Eventually she began to curse herself because “once she left dancing because of Fitzgerald”. Her crises acquired greater intensity and duration. The obsessions became excruciating. She was diagnosed with schizophrenia. Thus, the once glittering lady Zelda Fitzgerald spent the rest of her life in and out of clinics and institutions in France, Switzerland and the USA. The latter doctor, however, much later, stated that the main causes of the nervous collapse was the behavior of the husband and the wrong treatment that had been imposed for a long time.

Fitzgerald was certainly deeply influenced by the mental state of his wife. “We were happy a thousand of times... Maybe spring will come back for us, if we believe in the folk songs. Beautiful swan, may you sail lightly. I love you”, he wrote to her in 1932. The disease was a key theme of the fourth novel “Tender is the night” (1934). Maybe in this way he tried to exorcise evil. But the book -as well as the following ones- didn’t have the commercial success of the past and he quickly broke economically. He got overwhelmed by grief and abuses. He began to consider himself as a failed writer and man. Finally he decided to continue his life without Zelda. In 1937 he signed with Metro-Goldwyn-Mayer Company in order to work as a screenwriter in Hollywood. In the same year he had a love affair with Sheila Graham, renowned journalist of gossip cinematic reportage. They cohabited and he threw himself into writing having a new life, until he was betrayed by his heart. He died on December 21, 1940, at the age of 44, before he could complete his fifth novel “The Last Tycoon”.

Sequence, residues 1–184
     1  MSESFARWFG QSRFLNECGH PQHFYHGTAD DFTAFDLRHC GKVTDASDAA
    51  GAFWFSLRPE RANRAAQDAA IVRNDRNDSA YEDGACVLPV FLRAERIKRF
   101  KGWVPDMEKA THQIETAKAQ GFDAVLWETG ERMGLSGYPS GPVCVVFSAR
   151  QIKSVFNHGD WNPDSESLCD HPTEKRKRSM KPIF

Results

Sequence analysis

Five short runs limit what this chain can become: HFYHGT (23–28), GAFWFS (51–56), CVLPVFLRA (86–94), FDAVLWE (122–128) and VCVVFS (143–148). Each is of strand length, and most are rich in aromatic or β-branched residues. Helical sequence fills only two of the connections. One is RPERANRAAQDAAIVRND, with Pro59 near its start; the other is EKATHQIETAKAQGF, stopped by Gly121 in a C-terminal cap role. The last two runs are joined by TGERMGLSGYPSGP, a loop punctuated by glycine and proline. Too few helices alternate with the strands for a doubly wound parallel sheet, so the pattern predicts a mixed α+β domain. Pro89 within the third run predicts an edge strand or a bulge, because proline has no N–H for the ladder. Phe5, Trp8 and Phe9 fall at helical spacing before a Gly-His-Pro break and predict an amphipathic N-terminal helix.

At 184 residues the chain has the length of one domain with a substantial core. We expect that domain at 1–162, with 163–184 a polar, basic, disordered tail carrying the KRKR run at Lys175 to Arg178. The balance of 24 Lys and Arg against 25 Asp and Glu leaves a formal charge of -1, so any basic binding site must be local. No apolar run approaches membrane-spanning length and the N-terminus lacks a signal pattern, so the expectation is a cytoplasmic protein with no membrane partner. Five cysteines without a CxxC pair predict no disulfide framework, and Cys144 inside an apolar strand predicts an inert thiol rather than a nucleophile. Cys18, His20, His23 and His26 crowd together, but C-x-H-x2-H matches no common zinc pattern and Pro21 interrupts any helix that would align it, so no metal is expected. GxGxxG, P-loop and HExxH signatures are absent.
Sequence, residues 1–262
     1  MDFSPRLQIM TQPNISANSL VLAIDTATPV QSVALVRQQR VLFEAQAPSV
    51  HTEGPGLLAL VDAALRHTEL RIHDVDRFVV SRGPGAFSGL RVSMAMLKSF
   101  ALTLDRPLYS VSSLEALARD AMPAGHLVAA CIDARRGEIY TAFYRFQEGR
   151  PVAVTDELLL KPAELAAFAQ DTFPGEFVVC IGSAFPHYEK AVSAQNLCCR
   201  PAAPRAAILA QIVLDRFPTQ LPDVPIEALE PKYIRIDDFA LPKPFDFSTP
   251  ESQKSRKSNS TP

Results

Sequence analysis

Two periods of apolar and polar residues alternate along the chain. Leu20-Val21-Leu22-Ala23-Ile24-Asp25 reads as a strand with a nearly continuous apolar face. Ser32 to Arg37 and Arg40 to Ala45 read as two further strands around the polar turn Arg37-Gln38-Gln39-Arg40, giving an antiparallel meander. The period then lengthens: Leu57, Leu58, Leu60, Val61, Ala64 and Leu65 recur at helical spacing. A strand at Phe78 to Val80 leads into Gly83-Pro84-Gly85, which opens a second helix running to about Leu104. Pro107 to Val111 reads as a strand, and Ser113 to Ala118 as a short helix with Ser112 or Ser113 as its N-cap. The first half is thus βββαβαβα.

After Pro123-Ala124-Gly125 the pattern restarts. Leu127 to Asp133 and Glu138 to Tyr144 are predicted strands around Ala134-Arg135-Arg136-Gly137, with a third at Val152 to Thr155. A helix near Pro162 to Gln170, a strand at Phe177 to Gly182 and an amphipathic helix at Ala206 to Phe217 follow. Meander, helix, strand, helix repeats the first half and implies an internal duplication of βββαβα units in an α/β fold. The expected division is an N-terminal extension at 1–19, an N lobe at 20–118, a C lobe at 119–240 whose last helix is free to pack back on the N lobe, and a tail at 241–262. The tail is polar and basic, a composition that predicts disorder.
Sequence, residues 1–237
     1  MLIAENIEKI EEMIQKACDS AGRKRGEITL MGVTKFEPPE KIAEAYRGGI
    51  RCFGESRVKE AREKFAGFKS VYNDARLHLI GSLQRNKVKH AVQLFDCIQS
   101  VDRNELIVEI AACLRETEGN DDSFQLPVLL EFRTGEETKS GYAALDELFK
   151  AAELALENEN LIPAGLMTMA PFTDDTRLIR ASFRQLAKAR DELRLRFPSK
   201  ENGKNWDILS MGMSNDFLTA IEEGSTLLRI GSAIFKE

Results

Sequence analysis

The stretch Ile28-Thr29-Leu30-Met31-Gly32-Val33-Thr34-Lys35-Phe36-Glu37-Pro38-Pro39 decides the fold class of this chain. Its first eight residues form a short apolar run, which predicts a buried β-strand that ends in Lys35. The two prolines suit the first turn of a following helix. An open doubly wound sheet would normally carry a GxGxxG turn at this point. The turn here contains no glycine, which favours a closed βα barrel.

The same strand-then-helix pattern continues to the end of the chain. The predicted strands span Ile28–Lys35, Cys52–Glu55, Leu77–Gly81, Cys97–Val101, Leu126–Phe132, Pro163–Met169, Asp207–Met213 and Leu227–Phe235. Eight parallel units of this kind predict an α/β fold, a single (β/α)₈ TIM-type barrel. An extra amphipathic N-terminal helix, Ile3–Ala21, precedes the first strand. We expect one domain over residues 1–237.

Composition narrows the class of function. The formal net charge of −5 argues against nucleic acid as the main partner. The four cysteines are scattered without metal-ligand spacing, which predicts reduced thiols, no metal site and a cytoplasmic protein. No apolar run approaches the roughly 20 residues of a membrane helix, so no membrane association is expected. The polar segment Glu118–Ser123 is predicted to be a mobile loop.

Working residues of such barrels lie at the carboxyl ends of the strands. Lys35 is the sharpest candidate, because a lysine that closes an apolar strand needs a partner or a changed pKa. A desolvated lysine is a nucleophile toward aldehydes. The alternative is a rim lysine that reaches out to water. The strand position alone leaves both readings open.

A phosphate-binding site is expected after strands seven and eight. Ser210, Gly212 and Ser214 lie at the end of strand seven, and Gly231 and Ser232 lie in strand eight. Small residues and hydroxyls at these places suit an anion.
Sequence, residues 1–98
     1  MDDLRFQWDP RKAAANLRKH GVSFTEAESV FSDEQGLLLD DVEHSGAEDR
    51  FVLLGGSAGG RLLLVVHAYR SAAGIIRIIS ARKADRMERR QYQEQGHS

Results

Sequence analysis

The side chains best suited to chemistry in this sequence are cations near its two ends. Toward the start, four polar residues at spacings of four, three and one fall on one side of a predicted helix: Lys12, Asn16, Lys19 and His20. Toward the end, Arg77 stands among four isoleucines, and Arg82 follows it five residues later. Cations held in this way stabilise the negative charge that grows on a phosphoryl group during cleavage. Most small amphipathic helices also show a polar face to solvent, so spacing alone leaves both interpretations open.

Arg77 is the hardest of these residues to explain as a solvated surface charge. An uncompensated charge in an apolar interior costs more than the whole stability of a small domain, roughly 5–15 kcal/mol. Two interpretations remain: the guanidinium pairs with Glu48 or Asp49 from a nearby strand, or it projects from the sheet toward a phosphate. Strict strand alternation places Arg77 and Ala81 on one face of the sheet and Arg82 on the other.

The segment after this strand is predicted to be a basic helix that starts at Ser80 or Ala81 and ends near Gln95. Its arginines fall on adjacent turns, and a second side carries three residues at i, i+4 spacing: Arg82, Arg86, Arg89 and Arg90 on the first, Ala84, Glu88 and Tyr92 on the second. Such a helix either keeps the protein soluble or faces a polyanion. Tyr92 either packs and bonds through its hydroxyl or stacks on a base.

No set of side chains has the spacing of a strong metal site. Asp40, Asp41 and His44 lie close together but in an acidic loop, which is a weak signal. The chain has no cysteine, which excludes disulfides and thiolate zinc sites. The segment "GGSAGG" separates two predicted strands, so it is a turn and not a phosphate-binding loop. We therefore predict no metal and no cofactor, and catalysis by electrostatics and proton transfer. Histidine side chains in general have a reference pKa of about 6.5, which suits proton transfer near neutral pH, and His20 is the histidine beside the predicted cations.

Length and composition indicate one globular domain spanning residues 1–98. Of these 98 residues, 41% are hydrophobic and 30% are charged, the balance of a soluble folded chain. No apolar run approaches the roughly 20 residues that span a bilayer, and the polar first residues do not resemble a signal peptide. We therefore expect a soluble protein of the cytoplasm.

Although Scott had reduced his meetings with Zelda since 1937, she continued writing to him until his death. In the 1930s, in her enlightened breaks, Zelda painted abstract paintings, portraits, views of New York - unfortunately most of her projects were destroyed by a significant, as it turned out to be subsequently, fire which occurred in 1934 in the house of Fitzgerald. At times she wrote feverishly. “I collect everything in one big pile marked as “past” and by emptying the deep tank that was once myself, I continue”, she said. Finally she was able to complete and publish a single novel – “Save me the Waltz” (1932). Much later she began a second prose, but she got a horrible and fictional end. On March 10, 1948, in Asheville of South Carolina, the institution where she was hospitalized got on fire and the unfortunate woman died two years before 50.